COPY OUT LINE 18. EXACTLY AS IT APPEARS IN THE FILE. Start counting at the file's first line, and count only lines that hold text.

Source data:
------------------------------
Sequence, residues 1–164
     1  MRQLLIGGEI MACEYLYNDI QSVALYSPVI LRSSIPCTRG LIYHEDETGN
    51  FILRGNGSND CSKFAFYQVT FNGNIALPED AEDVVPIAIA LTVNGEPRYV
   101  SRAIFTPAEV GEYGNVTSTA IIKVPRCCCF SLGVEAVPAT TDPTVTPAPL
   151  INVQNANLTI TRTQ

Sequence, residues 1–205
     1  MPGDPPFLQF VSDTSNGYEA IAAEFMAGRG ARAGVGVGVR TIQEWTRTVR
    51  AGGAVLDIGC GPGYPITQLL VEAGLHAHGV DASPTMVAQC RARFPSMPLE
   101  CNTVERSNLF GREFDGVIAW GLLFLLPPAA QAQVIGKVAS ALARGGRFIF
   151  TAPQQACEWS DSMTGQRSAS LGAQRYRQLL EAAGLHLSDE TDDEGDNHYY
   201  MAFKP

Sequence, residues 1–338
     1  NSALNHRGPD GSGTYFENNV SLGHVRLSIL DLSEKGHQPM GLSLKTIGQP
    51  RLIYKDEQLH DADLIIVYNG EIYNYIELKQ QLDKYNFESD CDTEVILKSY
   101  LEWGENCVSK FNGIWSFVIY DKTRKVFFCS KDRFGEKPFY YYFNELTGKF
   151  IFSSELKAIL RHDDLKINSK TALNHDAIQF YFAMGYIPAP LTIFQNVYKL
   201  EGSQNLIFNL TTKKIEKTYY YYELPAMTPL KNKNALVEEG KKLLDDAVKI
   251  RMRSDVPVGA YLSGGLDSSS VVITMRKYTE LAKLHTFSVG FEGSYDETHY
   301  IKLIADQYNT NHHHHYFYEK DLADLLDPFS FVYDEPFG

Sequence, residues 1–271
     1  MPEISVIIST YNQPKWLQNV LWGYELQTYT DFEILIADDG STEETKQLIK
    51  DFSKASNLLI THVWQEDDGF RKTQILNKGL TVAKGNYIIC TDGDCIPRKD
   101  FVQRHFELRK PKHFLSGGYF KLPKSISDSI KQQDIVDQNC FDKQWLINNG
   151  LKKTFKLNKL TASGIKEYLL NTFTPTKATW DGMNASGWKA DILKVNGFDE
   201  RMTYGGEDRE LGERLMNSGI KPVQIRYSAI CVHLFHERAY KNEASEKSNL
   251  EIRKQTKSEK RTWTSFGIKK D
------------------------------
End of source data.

   251  RMRSDVPVGA YLSGGLDSSS VVITMRKYTE LAKLHTFSVG FEGSYDETHY